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Re: Frame Relay encap vis-a-vis point-to-point at UUNET

  • From: Vijay Gill
  • Date: Tue Sep 22 12:46:42 1998

On Mon, 21 Sep 1998, Charles Sprickman wrote:

> On Mon, 21 Sep 1998, Nathan Stratton wrote:
> 
> > Even with the new CT3 cards on the Cisco, there are still many benefits to
> > using the Cascades to aggerate T1 customers.
> 
> Please, share...
> 
> I like the CT3 card, but I'm not familiar (except as a customer) with the
> Cascade solution and its benefits beyond economics...

There are several issues regarding mechanisms for the best, most efficent
ways of accepting traffic into the network, henceforth referred to as
Connection Admission Control. There is a whole bunch of theory behind CAC,
but to simplify in this case....

Data traffic is bursty.  Most customers do not use all of their allocated
bandwidth all of the time.  Statistical multiplexing allocates bandwidth
according to demand.  Data traffic bandwidth requirements vary over time
for most connections, and utilizing this fact allows gain in efficiency.
Such a scheme assigns less than the peak bandwidth rate to connections
(i.e.  if everyone started to send the full bandwidth at all times, the
connections would start experiencing packet drops and/or delay till buffer
capacity is exceeded and the sources do not go into congestion
control/avoidance phase). However, all channels sending all data at peak
capacity at all times is fairly rare and traffic monitoring will point out
the trouble spots before they start dropping packets.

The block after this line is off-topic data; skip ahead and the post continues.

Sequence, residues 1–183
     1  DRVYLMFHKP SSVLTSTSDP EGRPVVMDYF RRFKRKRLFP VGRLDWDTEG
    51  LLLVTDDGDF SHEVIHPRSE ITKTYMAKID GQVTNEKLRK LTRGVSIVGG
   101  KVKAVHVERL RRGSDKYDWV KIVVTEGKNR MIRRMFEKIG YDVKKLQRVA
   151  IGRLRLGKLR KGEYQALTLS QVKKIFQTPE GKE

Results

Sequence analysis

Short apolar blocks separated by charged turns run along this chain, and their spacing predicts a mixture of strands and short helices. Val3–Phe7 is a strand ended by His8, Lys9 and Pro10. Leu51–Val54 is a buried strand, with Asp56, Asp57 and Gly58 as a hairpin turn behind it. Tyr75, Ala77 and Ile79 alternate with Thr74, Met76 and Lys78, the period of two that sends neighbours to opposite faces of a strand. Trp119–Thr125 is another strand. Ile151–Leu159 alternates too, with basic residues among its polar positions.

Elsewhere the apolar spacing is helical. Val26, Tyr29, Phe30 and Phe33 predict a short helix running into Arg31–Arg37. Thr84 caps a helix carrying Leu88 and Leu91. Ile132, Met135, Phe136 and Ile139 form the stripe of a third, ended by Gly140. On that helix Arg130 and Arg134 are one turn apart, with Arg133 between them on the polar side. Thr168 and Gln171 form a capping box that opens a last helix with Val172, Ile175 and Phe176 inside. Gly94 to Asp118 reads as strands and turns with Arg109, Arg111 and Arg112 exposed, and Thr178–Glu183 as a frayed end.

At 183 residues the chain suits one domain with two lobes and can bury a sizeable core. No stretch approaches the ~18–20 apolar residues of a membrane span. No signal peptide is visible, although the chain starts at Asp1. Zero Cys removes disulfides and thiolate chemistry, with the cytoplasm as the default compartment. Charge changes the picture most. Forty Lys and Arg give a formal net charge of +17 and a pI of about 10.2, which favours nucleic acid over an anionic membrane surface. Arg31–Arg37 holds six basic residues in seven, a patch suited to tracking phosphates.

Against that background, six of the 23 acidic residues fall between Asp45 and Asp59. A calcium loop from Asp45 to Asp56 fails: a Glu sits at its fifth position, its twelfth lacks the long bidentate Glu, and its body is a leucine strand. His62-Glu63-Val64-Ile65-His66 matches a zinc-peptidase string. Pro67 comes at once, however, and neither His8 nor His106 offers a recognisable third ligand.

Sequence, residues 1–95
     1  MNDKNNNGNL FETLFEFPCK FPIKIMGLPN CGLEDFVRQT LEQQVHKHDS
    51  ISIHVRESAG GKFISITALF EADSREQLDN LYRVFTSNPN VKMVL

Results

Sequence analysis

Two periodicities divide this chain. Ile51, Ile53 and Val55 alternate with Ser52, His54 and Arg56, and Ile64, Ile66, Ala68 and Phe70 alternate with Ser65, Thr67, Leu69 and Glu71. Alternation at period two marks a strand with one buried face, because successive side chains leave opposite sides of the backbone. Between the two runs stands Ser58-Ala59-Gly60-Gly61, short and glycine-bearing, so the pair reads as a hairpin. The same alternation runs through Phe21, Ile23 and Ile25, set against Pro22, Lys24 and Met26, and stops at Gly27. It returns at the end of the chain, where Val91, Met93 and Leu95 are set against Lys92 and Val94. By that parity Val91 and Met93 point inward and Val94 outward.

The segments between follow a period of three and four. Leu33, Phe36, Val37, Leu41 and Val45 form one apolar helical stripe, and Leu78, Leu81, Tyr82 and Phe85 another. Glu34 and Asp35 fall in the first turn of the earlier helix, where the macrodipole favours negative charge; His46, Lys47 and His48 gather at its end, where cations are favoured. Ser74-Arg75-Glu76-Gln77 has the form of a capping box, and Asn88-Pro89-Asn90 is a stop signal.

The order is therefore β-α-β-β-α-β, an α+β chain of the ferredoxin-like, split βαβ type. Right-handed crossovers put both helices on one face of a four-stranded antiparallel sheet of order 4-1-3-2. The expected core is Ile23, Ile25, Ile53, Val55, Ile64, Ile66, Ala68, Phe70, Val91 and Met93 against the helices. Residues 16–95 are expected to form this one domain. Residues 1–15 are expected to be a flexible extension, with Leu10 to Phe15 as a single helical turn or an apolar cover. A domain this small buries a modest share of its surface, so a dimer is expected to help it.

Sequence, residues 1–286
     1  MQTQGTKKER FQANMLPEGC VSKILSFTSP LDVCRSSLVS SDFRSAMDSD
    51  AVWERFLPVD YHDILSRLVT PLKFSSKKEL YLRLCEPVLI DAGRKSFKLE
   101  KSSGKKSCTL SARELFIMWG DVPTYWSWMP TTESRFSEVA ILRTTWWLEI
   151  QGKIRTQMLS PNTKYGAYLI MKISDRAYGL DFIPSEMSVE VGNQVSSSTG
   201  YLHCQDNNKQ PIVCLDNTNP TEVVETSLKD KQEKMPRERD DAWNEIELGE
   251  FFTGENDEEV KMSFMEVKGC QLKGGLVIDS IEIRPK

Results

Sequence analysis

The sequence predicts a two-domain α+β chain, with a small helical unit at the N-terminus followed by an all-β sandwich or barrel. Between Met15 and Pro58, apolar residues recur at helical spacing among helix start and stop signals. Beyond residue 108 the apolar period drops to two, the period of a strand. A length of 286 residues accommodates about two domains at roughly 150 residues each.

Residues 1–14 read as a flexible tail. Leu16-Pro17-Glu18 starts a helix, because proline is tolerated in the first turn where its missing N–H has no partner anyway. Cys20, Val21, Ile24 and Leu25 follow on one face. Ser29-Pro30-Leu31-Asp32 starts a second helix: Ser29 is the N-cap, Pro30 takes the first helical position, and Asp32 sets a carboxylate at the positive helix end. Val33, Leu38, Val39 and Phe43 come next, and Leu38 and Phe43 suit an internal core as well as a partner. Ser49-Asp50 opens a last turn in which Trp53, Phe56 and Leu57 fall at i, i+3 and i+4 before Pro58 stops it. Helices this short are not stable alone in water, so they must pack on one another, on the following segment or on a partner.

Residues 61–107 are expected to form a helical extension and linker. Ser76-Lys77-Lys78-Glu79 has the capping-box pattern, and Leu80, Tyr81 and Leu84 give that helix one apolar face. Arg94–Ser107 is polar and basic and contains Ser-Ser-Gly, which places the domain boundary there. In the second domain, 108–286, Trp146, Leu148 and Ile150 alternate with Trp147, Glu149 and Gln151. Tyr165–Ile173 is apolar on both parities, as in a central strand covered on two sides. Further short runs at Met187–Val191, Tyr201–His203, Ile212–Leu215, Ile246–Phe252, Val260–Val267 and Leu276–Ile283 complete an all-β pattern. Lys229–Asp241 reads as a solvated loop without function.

Coming back to the Cascades, they allow Statistical multiplexing of
connections, giving a cheaper overall cost and allows more connections per
unit of hub resources consumed.  This results in cost efficiencies. 

Also, they reduce wiring complexity.  For example, you take the 3 HSSI
cards and use them to connect to 3 cisco HSSI ports.  Once these
connections are tested, the only change needed to add, say, a mixture of
ChT3 cards, E1 cards, HSSI cards etc, is to stick them into the Cascade. 
This allows you to aggregate several different types of user connections
without changing anything on the routers on the back end. 

New technology will result in faster uplinks, allowing higher density
connections, eg, the current single port ChDS3 cards may be replaced by
4xChDS3 cards in newer switches.

The end result is to maximise the number of (hopefully) paying customers
per unit of hub resource consumed.

-vijay

--
Vijay Gill                         |The (paying) customer is always right.
wrath@cs.umbc.edu, vijay@umbc.edu  |                  - Piercarlo Grandi
http://www.gl.umbc.edu/~vijay      | Eagles may soar, but weasels don't get
These are my opinions only.        | sucked into jet engines.






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